Social comparison can be affecting your well-being

When we start putting value in what is important in our lives according to what other people have and do, we give up the power of creating our own happiness – in some level we lose control of our own lives. We all know that social comparison can do very little to our self-esteem and well-being, so it’s important to take some time to reflect how much comparing yourself to others on social media happens in your day to day life.

What you can do: Practice gratitude. As simple and as cliche as it sounds, to feel grateful for what you are already have is extremely powerful and effective when it comes to improving your well-being. For every “session” you spend on social media, set a timer for 10 minutes to create a list of 10-15 things you are grateful for. It could be to have access to water when you flush the toilet or brush your teeth, or your health, your family or something you did that day for yourself. Like American author Melody Beattie once wrote:

“Gratitude unlocks the fullness of life. It turns what we have into enough, and more. It turns denial into acceptance, chaos to order, confusion to clarity. It can turn a meal into a feast, a house into a home, a stranger into a friend.”

Social media is addictive

Deep inside we all feel we should spend less time on social media, but for some reason it’s really hard to do so. The reason is because social media is addictive, the same way, for example, gambling is. It’s the same neurochemistry that keeps us going back for more mindless scrolling that leads gamblers to empty their wallets into slot machines.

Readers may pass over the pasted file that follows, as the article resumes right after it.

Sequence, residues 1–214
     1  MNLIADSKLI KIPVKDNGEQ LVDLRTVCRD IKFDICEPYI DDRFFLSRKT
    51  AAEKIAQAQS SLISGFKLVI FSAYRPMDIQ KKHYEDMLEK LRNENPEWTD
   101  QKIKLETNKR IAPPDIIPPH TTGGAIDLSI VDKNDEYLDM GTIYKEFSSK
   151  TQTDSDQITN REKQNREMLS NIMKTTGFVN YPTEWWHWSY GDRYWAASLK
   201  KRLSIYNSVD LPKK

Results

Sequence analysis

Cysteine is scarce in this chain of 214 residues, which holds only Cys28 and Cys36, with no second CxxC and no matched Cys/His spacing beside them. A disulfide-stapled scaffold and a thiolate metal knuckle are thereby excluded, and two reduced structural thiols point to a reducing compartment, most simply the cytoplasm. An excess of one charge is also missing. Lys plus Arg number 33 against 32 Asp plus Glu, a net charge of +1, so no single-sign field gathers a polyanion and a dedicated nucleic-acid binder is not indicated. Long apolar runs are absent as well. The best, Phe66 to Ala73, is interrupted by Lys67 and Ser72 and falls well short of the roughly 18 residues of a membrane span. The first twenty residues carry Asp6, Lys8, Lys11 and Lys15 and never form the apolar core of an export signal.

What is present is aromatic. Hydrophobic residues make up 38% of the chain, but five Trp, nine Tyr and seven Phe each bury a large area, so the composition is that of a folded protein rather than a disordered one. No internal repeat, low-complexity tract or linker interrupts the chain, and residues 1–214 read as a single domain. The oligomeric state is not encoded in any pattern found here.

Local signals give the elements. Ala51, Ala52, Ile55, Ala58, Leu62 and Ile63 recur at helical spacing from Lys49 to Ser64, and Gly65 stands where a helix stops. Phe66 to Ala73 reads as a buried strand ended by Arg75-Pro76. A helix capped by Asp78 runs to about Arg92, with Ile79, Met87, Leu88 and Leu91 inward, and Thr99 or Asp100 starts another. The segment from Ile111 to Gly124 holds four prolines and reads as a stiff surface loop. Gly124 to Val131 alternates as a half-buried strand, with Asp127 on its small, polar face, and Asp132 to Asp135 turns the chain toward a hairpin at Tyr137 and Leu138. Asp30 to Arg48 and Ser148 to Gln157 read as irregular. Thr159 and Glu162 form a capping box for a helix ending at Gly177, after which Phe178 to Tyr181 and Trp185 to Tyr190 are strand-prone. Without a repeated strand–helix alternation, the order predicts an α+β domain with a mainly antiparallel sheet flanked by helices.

What you can do: Make it as hard as possible to access social media from your phone and computer. Turn off notifications and logout from all your accounts, so every time you want to check Facebook you need to enter your email and password (good luck with that by the way). If you have a smart phone, drag all the social media applications to the last screen or create a folder and save all the apps there. Don’t even name the folder.

The light and amount of content is affecting your quality of sleep

If you sleep with your phone right next to your bed, your quality of sleep definitely needs improving. We all know that having enough sleep is fundamental for our overall well-being and happiness. However, not only the light from our devices keeps our brain on high alert, but being bombarded by the type of content social media offers right before going to bed, stimulates our brain too much preventing us from having a good night’s sleep and truly resting.

What you can do: Like our beloved Arianna says, escort your phone out of the bedroom before you go to bed. You can turn up the volume in case you use your phone as an alarm, so when it rings you can hear it, or just go old school and buy a proper alarm – it’s worth it. If escorting your phone out of the bedroom is too big of a step for you, keep it in a place beyond arm’s reach. Ultimately you want to avoid looking at your phone when going to sleep and do something that slows your brain.

Social media might be replacing your closest personal connections

How many times have you travelled somewhere or spent the day in a different neighborhood and posted on social media in hopes someone you know is also there, instead of calling them directly and asking if they want to meet up? Well, I confess, I have done that several times. In recent years the amount of time we have dedicated to screen time has corresponded with a similar decrease in the amount of time we have dedicated to nourish and maintain our closest personal connections.

What you can do: Next time you open social media choose instead to go to your contact’s list or messages and call a friend or family member for a glorious catch-up or a quick check-in. The happiness you derive from an authentic connection with another person will be far greater than a social media post, trust me.